Remembering national trauma
September 11, 2021 marks the twentieth anniversary of the national trauma the U.S. experienced as result of the terrorist attacks of September 11, 2001 on the World Trade Center and the Pentagon.
The aftermath of those attacks brought global traumas including ongoing warfare in much of the Middle East, Central Asia, and parts of North Africa.
U.S. troops were evacuated from Afghanistan less than two weeks ago, after a 20-year occupation that began with the effort to capture 9/11 mastermind Osama bin Laden, who was finally killed in Pakistan on May 2, 2011.
Countless Facebook memes, web postings, and retrospective blogs commemorate the animal heroes of 9/11.
Among them were Salty, the Labrador retriever guide dog who led Omar E. Riviera, 43, down from the 71st floor of the World Trade Center, after the first jet hit 25 floors above; Roselle, the yellow Labrador guide dog who led Michael Hingson down from the 78th floor; and the estimated 300 search dogs, 200 of them Federal Emergency Management Agency-certified, who worked both at the World Trade Center site and at the Fresh Kills landfill, where they sought human remains among the rubble brought from Manhattan by truck.
Only one dog was killed at the World Trade Center site, a bomb-sniffing dog named Cyrus who was brought to the scene by a New York/New Jersey Port Authority police officer. Cyrus was crushed in the officer’s car when the first tower fell. The officer survived.
The dogs’ eyes were “pounded by the intense smoke, and their paws are getting burned and cut by glass debris,” said the Suffolk County SPCA, which helped the North Shore Animal League America to staff an on-site veterinary support van.
Among the last commuters to cross the Whitestone bridge on the morning of 9/11 before it was closed, North Shore Animal League America operations director Perry Fina saw smoke pouring out of the World Trade Center disaster on his way to work and mobilized the animal relief team by cell phone while stuck in traffic.
Fina, who died in January 2008, bunked for the duration of the relief operation at the North Shore adoption shelter, with other staff. They followed a disaster plan previously practiced during severe snow storms.
Rumors flew long after 9/11 that many of the working dogs died from after-effects of their exposure to dust and smoke. Research by the American Kennel Club and Canine Health Foundation established in 2006 that the mortality rate among dogs who worked at the World Trade Center site was about 30% over the next five years, compared to 22% in a control sample.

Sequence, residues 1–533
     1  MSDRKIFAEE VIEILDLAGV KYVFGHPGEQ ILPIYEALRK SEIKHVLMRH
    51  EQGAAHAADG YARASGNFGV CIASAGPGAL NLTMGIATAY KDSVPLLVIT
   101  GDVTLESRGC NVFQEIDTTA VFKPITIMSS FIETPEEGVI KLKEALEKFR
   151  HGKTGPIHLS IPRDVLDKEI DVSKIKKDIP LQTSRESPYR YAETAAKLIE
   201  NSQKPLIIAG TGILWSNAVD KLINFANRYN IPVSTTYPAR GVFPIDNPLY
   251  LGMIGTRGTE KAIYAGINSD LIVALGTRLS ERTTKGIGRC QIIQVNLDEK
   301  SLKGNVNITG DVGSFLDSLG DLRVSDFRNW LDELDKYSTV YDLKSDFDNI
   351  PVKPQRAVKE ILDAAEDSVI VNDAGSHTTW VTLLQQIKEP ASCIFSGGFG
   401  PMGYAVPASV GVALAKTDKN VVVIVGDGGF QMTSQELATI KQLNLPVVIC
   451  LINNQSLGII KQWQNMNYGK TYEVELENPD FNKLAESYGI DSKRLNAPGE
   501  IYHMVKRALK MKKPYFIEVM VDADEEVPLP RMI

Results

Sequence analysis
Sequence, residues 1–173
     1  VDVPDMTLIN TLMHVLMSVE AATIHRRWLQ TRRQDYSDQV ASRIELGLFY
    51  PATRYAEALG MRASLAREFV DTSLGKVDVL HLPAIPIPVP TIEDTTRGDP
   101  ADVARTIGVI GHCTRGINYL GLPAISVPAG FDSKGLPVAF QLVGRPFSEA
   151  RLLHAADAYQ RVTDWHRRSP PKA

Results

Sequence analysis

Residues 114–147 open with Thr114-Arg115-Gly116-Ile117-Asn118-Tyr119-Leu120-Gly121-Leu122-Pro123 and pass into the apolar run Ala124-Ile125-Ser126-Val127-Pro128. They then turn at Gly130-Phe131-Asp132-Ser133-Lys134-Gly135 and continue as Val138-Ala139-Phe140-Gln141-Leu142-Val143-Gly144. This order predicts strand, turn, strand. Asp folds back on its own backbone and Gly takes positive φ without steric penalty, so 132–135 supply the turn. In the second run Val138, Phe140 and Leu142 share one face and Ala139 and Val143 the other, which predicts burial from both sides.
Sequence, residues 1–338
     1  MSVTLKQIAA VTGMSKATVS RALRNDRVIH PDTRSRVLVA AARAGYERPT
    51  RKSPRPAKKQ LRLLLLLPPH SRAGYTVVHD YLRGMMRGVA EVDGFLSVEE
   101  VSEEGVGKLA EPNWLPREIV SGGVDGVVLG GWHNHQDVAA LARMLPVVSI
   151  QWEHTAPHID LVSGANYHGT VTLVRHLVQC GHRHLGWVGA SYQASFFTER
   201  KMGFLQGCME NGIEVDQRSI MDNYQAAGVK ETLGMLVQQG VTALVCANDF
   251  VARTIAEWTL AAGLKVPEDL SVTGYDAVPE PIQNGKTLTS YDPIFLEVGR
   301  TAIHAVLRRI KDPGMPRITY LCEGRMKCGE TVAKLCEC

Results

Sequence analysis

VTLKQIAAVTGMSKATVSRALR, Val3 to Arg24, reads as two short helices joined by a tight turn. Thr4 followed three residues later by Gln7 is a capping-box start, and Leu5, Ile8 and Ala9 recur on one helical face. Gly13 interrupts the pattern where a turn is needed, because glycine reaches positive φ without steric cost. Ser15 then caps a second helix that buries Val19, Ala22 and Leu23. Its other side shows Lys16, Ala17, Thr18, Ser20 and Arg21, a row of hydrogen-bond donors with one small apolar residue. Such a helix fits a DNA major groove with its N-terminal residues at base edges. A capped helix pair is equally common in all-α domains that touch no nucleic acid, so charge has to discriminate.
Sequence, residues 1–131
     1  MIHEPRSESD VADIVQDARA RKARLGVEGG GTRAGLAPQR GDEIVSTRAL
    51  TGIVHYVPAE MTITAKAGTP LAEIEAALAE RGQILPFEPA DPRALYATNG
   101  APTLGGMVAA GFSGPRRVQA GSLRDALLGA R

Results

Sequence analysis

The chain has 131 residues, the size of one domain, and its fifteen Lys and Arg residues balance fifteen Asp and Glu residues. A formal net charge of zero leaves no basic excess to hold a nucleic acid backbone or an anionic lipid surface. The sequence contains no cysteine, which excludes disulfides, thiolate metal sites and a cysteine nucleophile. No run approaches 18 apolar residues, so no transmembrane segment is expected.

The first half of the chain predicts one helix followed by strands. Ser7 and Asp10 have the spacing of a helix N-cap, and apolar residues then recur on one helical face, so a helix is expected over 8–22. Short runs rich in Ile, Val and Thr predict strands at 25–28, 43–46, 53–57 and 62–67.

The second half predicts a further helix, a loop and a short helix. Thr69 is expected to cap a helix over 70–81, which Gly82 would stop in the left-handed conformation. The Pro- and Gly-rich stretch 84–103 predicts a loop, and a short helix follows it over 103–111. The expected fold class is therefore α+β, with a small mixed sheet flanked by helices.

None of the 9/11 hero dogs were pit bulls or of other bully breeds, a point worth mentioning only because of widely distributed cut-and-paste efforts to insert pit bulls into photos of the 9/11 rescue effort.
Many human animal advocates and rescuers were killed on 9/11. Among them:
Jean A. Andrucki, associated with WildNetAfrica.org, who worked for the New York/New Jersey Port Authority treasury office at the World Trade Center;
David Arce, 36, a New York City firefighter who was remembered by his mother Margaret for “always bringing home stray cats and dogs”;
Colin Bonnett, 39, of Crown Heights, Brooklyn, a Barbados-born equestrian, cat rescuer, and former veterinary assistant, who was a Marsh & McLennan telecommunications expert in the World Trade Center;
Sondra Conaty Brace, 60, who with her husband David Brace kept 25 rescued cats at their home in Staten Island, was killed at her job in the World Trade Center;
David Charlebois, a sustaining guardian of the Washington D.C. Humane Society, who was first officer on American Airlines flight 77, the jet that was hijacked and crashed into the Pentagon in Washington D.C.;
Nancy Farley, 45, a Jersey City cat rescuer, who worked for Reinsurance Solutions Inc. on the 94th floor of 1 World Trade Center;
David L.W. Fodor, 38, a former breeder and exhibitor of Rottweilers, including a national champion, who had turned to rescuing shelter animals, was killed on duty as a volunteer floor fire warden at #2 World Trade Center;
Angel Juarbe, 35, rescuer of eight stray dogs, who was a firefighter with Ladder Company 12 in Chelsea, New York;
Catherine L. Loguidice, 30, a Brooklyn cat rescuer, who was a Cantor Fitzgerald bond trader on the 105th floor of 1 World Trade Center;